Engaging patients and parents to improve mental health intervention for youth with rheumatological disease.
BACKGROUND: Mental health disorders are common in youth with rheumatological disease yet optimal intervention strategies are understudied in this population. We examined patient and parent perspectives on mental health intervention for youth with rheumatological disease. METHODS: We conducted a mixed methods cross-sectional study, via anonymous online survey, developed by researchers together with patient/parent partners, to quantitatively and qualitatively examine youth experiences with mental health services and resources in North America. Patients ages 14-24 years with juvenile idiopathic arthritis, juvenile dermatomyositis, or systemic lupus erythematous, and parents of patients ages 8-24 with these diseases were eligible (not required to participate in pairs). Participants self-reported mental health problems (categorized into clinician-diagnosed disorders vs self-diagnosed symptoms) and treatments (e.g. therapy, medications) received for the youth. Multivariate linear regression models compared patient and parent mean Likert ratings for level of: i) comfort with mental health providers, and ii) barriers to seeking mental health services, adjusting for potential confounders (patient age, gender, disease duration, and patient/parent visual analog score for disease-related health). Participants indicated usefulness of mental health resources; text responses describing these experiences were analyzed by qualitative description. RESULTS: Participants included 123 patients and 324 parents. Patients reported clinician-diagnosed anxiety (39%) and depression (35%); another 27 and 18% endorsed self-diagnosed symptoms of these disorders, respectively. 80% of patients with clinician-diagnosed disorders reported receiving treatment, while 11% of those with self-diagnosed symptoms reported any treatment. Patients were less comfortable than parents with all mental health providers. The top two barriers to treatment for patients and parents were concerns about mental health providers not understanding the rheumatological disease, and inadequate insurance coverage. Over 60% had used patient mental health resources, and over 60% of these participants found them to be helpful, although text responses identified a desire for resources tailored to patients with rheumatological disease. CONCLUSION: Self-reported mental health problems are prevalent for youth in this sample with rheumatological disease, and obstacles to mental health treatment include disease-related and logistic factors. Strategies are needed to improve acceptance and accessibility of mental health intervention, including routine mental health screening and availability of disease-specific mental health resources.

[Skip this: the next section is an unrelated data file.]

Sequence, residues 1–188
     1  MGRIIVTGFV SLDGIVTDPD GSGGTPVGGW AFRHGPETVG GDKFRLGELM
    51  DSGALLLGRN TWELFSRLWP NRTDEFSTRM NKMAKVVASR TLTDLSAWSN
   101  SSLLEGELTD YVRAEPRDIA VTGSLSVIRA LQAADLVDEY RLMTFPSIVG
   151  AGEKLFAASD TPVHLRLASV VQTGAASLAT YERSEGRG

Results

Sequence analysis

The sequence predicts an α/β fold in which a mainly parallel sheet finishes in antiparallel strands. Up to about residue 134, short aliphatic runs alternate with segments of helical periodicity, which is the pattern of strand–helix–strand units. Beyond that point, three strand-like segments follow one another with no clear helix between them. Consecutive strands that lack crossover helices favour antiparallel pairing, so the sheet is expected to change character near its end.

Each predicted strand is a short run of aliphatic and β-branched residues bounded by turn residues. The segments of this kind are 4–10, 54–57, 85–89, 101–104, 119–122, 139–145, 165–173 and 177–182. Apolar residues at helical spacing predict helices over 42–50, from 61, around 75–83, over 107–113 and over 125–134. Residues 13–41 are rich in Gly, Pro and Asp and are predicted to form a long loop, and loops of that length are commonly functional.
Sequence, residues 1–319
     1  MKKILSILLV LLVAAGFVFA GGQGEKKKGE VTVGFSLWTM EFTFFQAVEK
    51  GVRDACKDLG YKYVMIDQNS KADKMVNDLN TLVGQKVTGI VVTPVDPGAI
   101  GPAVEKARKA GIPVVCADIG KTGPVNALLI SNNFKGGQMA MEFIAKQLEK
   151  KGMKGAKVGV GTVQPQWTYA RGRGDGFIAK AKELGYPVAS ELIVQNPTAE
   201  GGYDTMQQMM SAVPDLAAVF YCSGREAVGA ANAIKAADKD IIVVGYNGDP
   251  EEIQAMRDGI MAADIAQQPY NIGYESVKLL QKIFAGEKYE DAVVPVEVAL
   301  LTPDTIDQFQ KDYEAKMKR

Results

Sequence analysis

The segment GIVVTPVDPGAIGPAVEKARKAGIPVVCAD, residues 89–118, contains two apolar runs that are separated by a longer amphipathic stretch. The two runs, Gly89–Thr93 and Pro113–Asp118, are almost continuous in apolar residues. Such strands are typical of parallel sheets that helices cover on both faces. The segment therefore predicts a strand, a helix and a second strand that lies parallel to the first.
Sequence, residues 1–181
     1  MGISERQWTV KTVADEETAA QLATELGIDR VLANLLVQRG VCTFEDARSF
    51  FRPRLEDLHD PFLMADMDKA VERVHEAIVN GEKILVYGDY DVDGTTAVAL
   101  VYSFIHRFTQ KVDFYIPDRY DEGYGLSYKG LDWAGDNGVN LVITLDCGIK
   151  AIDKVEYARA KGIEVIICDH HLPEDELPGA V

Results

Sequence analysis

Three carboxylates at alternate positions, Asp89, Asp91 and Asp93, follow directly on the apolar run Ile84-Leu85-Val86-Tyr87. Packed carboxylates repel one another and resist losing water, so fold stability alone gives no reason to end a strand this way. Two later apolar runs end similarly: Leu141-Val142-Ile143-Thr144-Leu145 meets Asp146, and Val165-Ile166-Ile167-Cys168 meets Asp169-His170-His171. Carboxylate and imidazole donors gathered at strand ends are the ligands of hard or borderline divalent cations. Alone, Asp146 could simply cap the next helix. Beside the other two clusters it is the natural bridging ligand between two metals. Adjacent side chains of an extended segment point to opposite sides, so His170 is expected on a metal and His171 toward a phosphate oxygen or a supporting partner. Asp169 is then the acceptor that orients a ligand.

Fawole, OA; Reed, MV; Harris, JG; Hersh, A; Rodriguez, M; Onel, K; Lawson, E; Rubinstein, T; Ardalan, K; Morgan, E; Paul, A; Barlin, J; Daly, RP; Dave, M; Malloy, S; Hume, S; Schrandt, S; Marrow, L; Chapson, A; Napoli, D; Napoli, M; Moyer, M; Delgaizo, V; Danguecan, A; von Scheven, E; Knight, A; CARRA Investigators,
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